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    OWASP Top 10 for Large Language Model Applications

    Here is the ‘OWASP Top 10 for Large Language Model Applications’. Overreliance is relevant to my research.

    (I’ve generally used the term “automation bias”, though perhaps a more direct term like overreliance is better.)

    You can see my discussion in the “Extending searching” chapter of my dissertation (particularly the sections on “Spaces for evaluation” and “Decoupling performance from search”) as I look at how data engineers appear to effectively address related risks in their heavy use of general-purpose web search at work. I’m very focused on how the searcher is situated and what they are doing well before and after they actually type in a query (or enter a prompt).

    Key lessons in my dissertation: (1) The data engineers are not really left to evaluate search results as they read them and assigning such responsibility could run into Meno’s Paradox (instead there are various tools, processes, and other people that assist in evaluation). (2) While search is a massive input into their work, it is not tightly coupled to their key actions (instead there are useful frictions (and perhaps fictions), gaps, and buffers).

    I’d like discussion explicitly addressing “inadequate informing” (wc?), where the information generated is accurate but inadequate given the situation-and-user.

    The section does refer to “inappropriate” content, but usage suggests “toxic” rather than insufficient or inadequate.

    OWASP on Aug 01, 2023

    The OWASP Top 10 for Large Language Model Applications project aims to educate developers, designers, architects, managers, and organizations about the potential security risks when deploying and managing Large Language Models (LLMs). The project provides a list of the top 10 most critical vulnerabilities often seen in LLM applications, highlighting their potential impact, ease of exploitation, and prevalence in real-world applications. Examples of vulnerabilities include prompt injections, data leakage, inadequate sandboxing, and unauthorized code execution, among others. The goal is to raise awareness of these vulnerabilities, suggest remediation strategies, and ultimately improve the security posture of LLM applications. You can read our group charter for more information

    OWASP Top 10 for LLM version 1.0

    LLM01: Prompt Injection
    This manipulates a large language model (LLM) through crafty inputs, causing unintended actions by the LLM. Direct injections overwrite system prompts, while indirect ones manipulate inputs from external sources.

    LLM02: Insecure Output Handling
    This vulnerability occurs when an LLM output is accepted without scrutiny, exposing backend systems. Misuse may lead to severe consequences like XSS, CSRF, SSRF, privilege escalation, or remote code execution.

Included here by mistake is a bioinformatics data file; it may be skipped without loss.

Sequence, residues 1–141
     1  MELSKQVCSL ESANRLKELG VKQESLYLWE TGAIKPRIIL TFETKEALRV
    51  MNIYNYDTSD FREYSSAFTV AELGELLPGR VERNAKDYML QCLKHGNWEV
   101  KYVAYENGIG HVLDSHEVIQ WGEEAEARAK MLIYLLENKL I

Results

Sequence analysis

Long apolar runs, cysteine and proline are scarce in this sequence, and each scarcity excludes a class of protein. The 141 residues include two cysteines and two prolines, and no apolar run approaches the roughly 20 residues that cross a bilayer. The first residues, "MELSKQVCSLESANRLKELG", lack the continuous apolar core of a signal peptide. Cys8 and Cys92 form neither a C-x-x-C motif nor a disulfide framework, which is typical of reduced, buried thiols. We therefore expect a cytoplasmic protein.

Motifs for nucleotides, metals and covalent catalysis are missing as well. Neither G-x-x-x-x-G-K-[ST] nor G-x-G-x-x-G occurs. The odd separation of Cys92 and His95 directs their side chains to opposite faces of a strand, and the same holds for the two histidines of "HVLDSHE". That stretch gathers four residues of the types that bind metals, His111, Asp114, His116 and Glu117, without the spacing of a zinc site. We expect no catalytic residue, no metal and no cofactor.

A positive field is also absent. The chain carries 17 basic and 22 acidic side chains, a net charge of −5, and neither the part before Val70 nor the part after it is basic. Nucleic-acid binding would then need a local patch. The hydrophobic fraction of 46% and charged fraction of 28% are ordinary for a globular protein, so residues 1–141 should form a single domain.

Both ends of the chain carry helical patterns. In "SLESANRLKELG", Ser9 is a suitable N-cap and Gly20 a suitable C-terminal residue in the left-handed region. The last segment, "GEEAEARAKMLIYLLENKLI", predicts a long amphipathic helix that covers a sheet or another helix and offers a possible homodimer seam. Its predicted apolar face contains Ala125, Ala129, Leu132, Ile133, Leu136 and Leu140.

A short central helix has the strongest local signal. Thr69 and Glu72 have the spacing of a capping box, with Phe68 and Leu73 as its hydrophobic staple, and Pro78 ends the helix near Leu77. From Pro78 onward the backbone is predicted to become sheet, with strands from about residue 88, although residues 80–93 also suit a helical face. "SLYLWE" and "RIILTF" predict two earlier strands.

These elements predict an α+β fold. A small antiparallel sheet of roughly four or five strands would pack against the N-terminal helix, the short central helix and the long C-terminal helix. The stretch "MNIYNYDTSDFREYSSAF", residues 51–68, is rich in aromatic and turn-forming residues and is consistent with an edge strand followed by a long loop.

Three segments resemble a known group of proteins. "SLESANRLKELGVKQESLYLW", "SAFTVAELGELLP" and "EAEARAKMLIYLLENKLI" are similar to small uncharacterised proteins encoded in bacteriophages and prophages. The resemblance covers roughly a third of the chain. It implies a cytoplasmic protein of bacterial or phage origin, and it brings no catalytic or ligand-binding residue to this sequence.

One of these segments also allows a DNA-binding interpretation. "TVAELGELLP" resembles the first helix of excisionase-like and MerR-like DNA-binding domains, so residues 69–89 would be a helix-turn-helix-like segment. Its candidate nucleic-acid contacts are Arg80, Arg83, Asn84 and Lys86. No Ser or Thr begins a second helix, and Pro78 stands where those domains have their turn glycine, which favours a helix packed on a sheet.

LLM03: Training Data Poisoning
    This occurs when LLM training data is tampered, introducing vulnerabilities or biases that compromise security, effectiveness, or ethical behavior. Sources include Common Crawl, WebText, OpenWebText, & books.

    LLM04: Model Denial of Service
    Attackers cause resource-heavy operations on LLMs, leading to service degradation or high costs. The vulnerability is magnified due to the resource-intensive nature of LLMs and unpredictability of user inputs.

    LLM05: Supply Chain Vulnerabilities
    LLM application lifecycle can be compromised by vulnerable components or services, leading to security attacks. Using third-party datasets, pre-trained models, and plugins can add vulnerabilities.

    LLM06: Sensitive Information Disclosure
    LLM’s may inadvertently reveal confidential data in its responses, leading to unauthorized data access, privacy violations, and security breaches. It’s crucial to implement data sanitization and strict user policies to mitigate this.

    LLM07: Insecure Plugin Design
    LLM plugins can have insecure inputs and insufficient access control. This lack of application control makes them easier to exploit and can result in consequences like remote code execution.

    LLM08: Excessive Agency
    LLM-based systems may undertake actions leading to unintended consequences. The issue arises from excessive functionality, permissions, or autonomy granted to the LLM-based systems.

    LLM09: Overreliance
    Systems or people overly depending on LLMs without oversight may face misinformation, miscommunication, legal issues, and security vulnerabilities due to incorrect or inappropriate content generated by LLMs.

    LLM10: Model Theft
    This involves unauthorized access, copying, or exfiltration of proprietary LLM models. The impact includes economic losses, compromised competitive advantage, and potential access to sensitive information.